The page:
they’ll clap when you’re gone

The start of Fall, Libra season. 

The last time anything felt “normal” was in March—Pisces season, when the planets were in retrograde and I was at a bar at midnight on a Wednesday after a shift at work.

Today, I am unemployed, sober, and looking forward to the equinox and all the memories this time of year brings.

Usually, it’s a musical nostalgia.

Back in 2013, I was playing Pain is Beauty by Chelsea Wolfe more times than I will ever know. 

When music is medicine, I imbibe—I overdose.

Hiss Spun also came out during the equinox in 2017, a year where everything changed.

That was the year I participated in my first poetry reading ever. I had never even considered going outside of my apartment with my words, let alone say that shit out loud, but there I was, drunk and in a room full of people, one of them was to become my husband ten months later.

Music sets a timeline, it brings with it seasons and the scents of whatever lived in the back of your throat when you were too afraid to swallow. 

I usually thrive during the summer. I enjoy the suffering of heatwaves and insomnia. 

I love listening to the hot waves of cars and the predictable screams of drunk lovers. 

Birth of Violence came out during this time last year, on my grandfather’s death day and my husband’s father’s death day.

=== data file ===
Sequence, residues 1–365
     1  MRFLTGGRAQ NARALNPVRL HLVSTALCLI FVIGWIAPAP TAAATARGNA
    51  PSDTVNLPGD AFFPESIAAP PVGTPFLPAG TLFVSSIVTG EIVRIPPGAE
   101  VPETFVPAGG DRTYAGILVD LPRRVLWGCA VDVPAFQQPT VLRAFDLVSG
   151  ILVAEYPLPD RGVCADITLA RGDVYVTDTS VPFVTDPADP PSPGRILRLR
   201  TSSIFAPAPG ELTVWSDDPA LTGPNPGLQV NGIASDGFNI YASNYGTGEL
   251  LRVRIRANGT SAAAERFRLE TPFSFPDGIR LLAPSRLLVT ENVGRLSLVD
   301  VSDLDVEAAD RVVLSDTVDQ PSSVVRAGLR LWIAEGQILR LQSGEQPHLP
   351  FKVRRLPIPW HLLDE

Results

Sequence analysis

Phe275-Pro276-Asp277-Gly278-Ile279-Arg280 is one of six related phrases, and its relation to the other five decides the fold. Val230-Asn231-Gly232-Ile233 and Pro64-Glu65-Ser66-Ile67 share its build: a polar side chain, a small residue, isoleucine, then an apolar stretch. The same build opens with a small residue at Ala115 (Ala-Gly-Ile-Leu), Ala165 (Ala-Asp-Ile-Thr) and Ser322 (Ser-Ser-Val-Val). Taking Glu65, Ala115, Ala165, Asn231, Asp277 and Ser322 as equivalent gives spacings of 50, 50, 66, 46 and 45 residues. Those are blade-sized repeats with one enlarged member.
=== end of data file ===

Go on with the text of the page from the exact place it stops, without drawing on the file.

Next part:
Oh coincidence, it feels so good. 

Numbers follow us.

We drove to the cemetery where I will one day be buried and looked at the land we own, prickly and unkempt, a statue of an Apostle nearby, my grandfather a few feet away. 

Rotting corpse, nothing but bones now, while I’m stepping lovingly on his grave, alive and paranoid at what I ate earlier that day and afraid of the two beers I had in his honor. 

And in one year, everything changed.

Now, most are more dead than alive these days. My beautiful grandfather has more soul in his grave than these regurgitated corpses I see when I drive around to go to the grocery store. 

I don’t miss my old life of bad customers and clueless managers.

Of verbal abuse and the occasional sexual harassment.

I don’t miss traffic or crowds.

I do however, miss cemeteries and being able to breathe and smile into the wind and not care who catches it.

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